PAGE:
RFRA

Indiana’s highly-publicized First Church of Cannabis is going to court, hoping to stop the state from enforcing marijuana laws when it comes to the use of cannabis in its church services.  The church’s attorney will use the controversial Religious Freedom Restoration Act or RFRA to help his case.

RFRA creates a legal standard that says government must have a compelling reason to restrict someone’s religious practice and do so in the least burdensome way possible. 

Courtesy / ACLU

Indiana’s religious freedom law known as RFRA will be used for the first time in a suit challenging a new state law that bars sex offenders from churches.

A new law that went into effect Wednesday says people convicted of sex offenses against children cannot enter school property.  And ACLU-Indiana legal director Ken Falk says because that phrase “school property” is broadly written, it could mean that offenders can’t attend religious services if the church is next to a school. 

State of Indiana

Exactly one week after signing Indiana’s religious freedom bill into law, Governor Mike Pence Thursday signed a follow up bill meant to quell the firestorm of controversy that erupted over the  measure.

The follow up bill explicitly states that the recently-passed law known as RFRA can’t be used to deny  service to anyone on the basis of sexual orientation or gender identity.

Brandon Smith / Indiana Public Broadcasting

Some of the staunchest supporters of Indiana’s religious freedom bill say the “clarification language”  crafted by Republican legislative leaders will destroy religious protections the controversial law created. The legislative fix comes after concerns the  measure would be used to discriminate against the LGBT community.

Pence Promises Legislative Clarification for RFRA

Mar 31, 2015
Gretchen Frazee / Indiana Public Broadcasting

Governor Mike Pence says he wants to see legislation on his desk by the end of the week that clarifies the intent of the Religious Freedom Restoration Act (RFRA).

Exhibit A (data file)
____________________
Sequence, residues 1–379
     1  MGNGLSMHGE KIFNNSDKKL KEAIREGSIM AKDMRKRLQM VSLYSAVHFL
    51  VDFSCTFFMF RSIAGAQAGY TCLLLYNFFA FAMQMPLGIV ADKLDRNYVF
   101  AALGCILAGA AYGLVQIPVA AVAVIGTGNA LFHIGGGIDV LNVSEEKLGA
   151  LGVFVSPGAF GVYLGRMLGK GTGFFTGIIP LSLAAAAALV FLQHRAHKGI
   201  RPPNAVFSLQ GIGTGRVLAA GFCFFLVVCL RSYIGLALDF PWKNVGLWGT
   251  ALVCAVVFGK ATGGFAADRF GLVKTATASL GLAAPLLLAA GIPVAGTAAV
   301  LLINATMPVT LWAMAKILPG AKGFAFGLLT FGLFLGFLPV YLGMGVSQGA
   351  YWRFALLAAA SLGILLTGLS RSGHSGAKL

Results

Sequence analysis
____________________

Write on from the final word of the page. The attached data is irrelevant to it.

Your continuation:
The governor says RFRA is meant to protect people’s religious liberties and does not allow businesses to deny services to gay and lesbian couples.

“No one should be harassed or mistreated because of who they are, who they love or what they believe,” Pence said.

He added that much of the criticism Indiana has been receiving is because of a misunderstanding about what the law actually does.

Fort Wayne’s convention and visitor’s bureau is making its position known on the  controversial “Religious Freedom Restoration Act.”

Visit Fort Wayne says it’s “Open for Business” and will continue to welcome all  visitors to the city. The organization says there have been inquiries by many of its convention clients  about its response to RFRA.

The law’s opponents say it will allow Hoosier businesses to discriminate against  LGBT people, while Governor Mike Pence says it has been mischaracterized.  

Brandon Smith / Indiana Public Broadcasting

Republican legislative leaders say they want to help turn the tide against the backlash that’s erupted over Indiana’s so-called religious freedom bill.  They say that will involve making it clear the law does not allow discrimination.

Brandon Smith / Indiana Public Broadcasting

Governor Mike Pence says concerns about the Religious Freedom Restoration Act come from a misunderstanding of the law, for which he at least partly blames the media.  Pence signed the controversial bill into law Thursday.

RFRA establishes a judicial test that courts will use to decide when the government can infringe on a person’s religious beliefs and practices. 

Many groups say they’re concerned it will be used to sanction discrimination, particularly against LGBT Hoosiers. 

RFRA Opponents Say Measure Could Be Bad for Business

Mar 25, 2015
Courtesy / State of Indiana

After clearing both chambers of the General Assembly, the Religious Freedom Restoration Act -- or RFRA -- is on its way to Governor Mike Pence for his signature. Pence has said he intends to sign the law, but some businesses and organizations are asking him to reconsider.

After RFRA passed the House, Pence released a statement saying he supported the measure and looked forward to signing it when it reaches his desk.

Andrew Downs / For WBOI News

The Indiana House Monday approved a bill that supporters call a shield protecting people of faith.  But opponents believe the Religious Freedom Restoration Act, commonly known as RFRA, a license to discriminate.

RFRA creates a judicial test for Indiana courts that ensures a government can only restrict religious practices if it has a compelling reason and does so in the least restrictive way. 

Supporters, such as Inglefield Republican Representative Tom Washburne, say the bill helps ensure Hoosiers live in harmony with each other.

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